In my opinion, a complete review consists of four steps. Although these steps can be understood from their headings alone, I have listed all of the techniques I use and have found to be effective for each step. Needless to say, my exposition of these steps is not intended to be comprehensive. I am sure that there are many more techniques of review than those listed here. My goal is merely to highlight the fundamental components of a good review and to provide some ideas for developing your own methods.

One more point: notice I said “a complete review.” Circumstances may warrant the omission of certain techniques, or even entire steps. For example, there may be a day when the goal of your review isn’t to understand the sevaros, but to get sufficiently caught up on the facts to be able to follow the next day’s shiur. I’ll leave it to you to decide which aspects of review are essential and which are not. That being said, don’t get overwhelmed by the vast picture of reviewing shiur I am about to paint. Do what you are able to do at your level under your circumstances.

The four steps of review, with their techniques, are as follows:

  1. Clarification of the Facts:
    • Be able to read, translate, and understand every word inside the text, complete with correct punctuation and pronunciation. When I say “every word,” I mean every word. It is a common error to read the text in Hebrew, and begin translating with the statement, “Basically, it’s saying . . .” Never use the term “basically” when translating! Translations are concrete and definitive, not “basic” and vague. Put differently, translating and paraphrasing are two different activities; if you commit yourself to the activity of translating, do not paraphrase, and if you find yourself paraphrasing, admit to yourself, “I am skipping the step of translating, and in doing so, am sacrificing clarity and risking error and inaccuracy.”
    • When translating, do not add in something which is not stated in the text. As Rabbi Fox constantly says, “Don’t editorialize – just tell me what he is saying.” It is common for people to incorporate factual and conceptual premises into their translation of the text, which often causes them to miss out on what the text is really saying. To a certain extent, this cannot be helped. Nevertheless, it is important to be aware when you are editorializing so that you can examine whether or not it is appropriate.
    • Be able to say the facts concisely, in your own words, without looking at the text. Many people fall into the trap of reciting the facts verbatim, which is a convenient way to avoid thinking about them. Also, bear in mind that “concise” is not the same thing as “vague.” When in doubt, it is better to err on the side of verbosity.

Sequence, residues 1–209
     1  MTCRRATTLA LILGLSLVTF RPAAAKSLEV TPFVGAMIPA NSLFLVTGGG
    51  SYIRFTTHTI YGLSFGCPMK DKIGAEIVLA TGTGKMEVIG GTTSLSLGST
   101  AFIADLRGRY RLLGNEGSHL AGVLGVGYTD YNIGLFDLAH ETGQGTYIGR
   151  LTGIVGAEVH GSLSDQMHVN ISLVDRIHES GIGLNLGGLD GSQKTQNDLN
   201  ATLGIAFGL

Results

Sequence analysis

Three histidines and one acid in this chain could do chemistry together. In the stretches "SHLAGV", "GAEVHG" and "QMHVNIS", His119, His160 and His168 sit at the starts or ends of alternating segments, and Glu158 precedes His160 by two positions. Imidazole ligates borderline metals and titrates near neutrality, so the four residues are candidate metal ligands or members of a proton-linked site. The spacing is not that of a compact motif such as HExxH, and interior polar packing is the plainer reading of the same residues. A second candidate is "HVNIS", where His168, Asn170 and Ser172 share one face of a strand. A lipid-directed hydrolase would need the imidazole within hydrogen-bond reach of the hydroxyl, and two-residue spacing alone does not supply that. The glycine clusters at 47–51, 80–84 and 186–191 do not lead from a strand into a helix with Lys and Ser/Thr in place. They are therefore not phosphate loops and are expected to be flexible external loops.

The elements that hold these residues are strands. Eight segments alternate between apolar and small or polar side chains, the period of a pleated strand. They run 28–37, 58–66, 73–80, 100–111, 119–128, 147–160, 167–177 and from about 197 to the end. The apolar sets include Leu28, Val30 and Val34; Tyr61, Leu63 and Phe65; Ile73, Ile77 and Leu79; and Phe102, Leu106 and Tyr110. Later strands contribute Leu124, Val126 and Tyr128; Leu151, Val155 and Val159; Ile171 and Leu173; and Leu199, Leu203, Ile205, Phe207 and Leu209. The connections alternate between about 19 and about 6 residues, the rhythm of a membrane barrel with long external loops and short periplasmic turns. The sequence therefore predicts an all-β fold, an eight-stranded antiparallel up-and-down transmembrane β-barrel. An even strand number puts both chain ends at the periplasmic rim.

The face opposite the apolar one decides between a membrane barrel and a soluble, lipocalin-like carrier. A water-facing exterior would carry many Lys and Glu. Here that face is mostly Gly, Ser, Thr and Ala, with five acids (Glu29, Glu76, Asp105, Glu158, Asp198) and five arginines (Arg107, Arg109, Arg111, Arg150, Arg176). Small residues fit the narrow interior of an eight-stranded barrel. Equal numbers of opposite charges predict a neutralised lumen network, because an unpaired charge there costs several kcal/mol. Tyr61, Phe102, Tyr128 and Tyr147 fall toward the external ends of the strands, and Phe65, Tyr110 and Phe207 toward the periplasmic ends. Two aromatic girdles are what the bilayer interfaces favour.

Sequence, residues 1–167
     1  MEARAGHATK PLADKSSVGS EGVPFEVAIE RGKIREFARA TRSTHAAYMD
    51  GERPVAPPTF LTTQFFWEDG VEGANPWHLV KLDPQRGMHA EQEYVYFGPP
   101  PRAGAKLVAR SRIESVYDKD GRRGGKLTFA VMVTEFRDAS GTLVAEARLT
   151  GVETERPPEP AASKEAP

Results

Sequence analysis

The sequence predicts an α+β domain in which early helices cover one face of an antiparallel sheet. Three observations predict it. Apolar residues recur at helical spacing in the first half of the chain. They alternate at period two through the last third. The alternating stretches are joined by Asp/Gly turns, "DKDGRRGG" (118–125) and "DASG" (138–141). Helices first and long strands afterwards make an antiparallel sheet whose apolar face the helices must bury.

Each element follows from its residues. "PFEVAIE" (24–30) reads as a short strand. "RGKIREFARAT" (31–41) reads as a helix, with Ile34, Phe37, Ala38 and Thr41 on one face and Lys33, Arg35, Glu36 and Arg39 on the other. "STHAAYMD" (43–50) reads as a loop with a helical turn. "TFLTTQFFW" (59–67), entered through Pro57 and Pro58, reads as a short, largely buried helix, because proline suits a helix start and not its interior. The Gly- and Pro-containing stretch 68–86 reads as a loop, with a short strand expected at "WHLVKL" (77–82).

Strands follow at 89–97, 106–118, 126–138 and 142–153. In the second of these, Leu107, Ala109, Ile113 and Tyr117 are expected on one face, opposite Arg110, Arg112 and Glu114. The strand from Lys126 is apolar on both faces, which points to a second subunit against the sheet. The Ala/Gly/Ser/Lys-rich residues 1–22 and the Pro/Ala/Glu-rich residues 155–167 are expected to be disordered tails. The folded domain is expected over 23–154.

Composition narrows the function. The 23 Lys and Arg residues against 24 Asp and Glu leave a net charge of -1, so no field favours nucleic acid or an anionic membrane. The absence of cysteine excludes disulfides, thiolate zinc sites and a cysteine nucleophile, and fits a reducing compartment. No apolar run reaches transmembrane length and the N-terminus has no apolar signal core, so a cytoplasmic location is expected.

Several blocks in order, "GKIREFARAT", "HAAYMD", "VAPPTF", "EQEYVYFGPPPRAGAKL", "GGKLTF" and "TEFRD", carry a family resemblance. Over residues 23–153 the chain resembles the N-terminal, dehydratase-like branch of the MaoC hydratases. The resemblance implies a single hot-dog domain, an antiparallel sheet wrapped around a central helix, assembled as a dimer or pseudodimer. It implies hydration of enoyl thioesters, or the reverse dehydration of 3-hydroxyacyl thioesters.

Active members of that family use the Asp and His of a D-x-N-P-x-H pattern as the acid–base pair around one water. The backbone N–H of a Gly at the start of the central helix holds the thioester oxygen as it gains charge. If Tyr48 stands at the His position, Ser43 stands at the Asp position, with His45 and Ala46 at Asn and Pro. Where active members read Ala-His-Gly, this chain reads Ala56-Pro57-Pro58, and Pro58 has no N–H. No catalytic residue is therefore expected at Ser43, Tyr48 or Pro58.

• When summarizing the facts in your own words, break them down into discrete points. Rather than lumping everything together (“Rashi is basically saying blah, blah, blah”) you will be much clearer if you identify specific points (“Rashi is making three points”).
    • When breaking the facts into discrete points, it is important to identify the character, or objective, of each. Work with some system of statement-classification, for example:
      • Ma’amar: factual statement
      • Rayah: proof, or evidence to a particular point
      • Sh’eilah: factual question; a request for information
      • Teshuvah: factual answer; supplying the missing information
      • Kushya: conceptual problem, or contradiction
      • Teretz: resolution of a problem, or contradiction
    • Do not content yourself with merely labeling each point and moving on, but follow through and fill in the particulars. For example, if the statement is a rayah, ask yourself, “What is this coming to support? What type of proof is this? What is the strength of this evidence?” If the statement is a kushya, clearly identify both contradictory statements, and clearly understand how the teretz removes the contradiction through making a subdivision. And no matter what type of statement you are dealing with, be sure you know who said it. This may seem obvious, but I’m always amazed at how much confusion is generated by a failure to correctly identify the author of a statement.
    • If the facts consist of what we call cheshbone, be able to “cheshbone-it-out.” In other words, do not content yourself with memorizing the words of the cheshbone, but become so familiar with the facts that the cheshbone becomes a living entity in your mind whose every step you can reference at will without having to start from the beginning. If the cheshbone is not lateral (question, answer, question, answer) but consists of multiple positions or opinions stated in no particular order, it is a good idea to make a chart. This not only helps you to envision all of the positions as an integrated whole, but also helps you to break free from the tendency to memorize the words of the Gemara.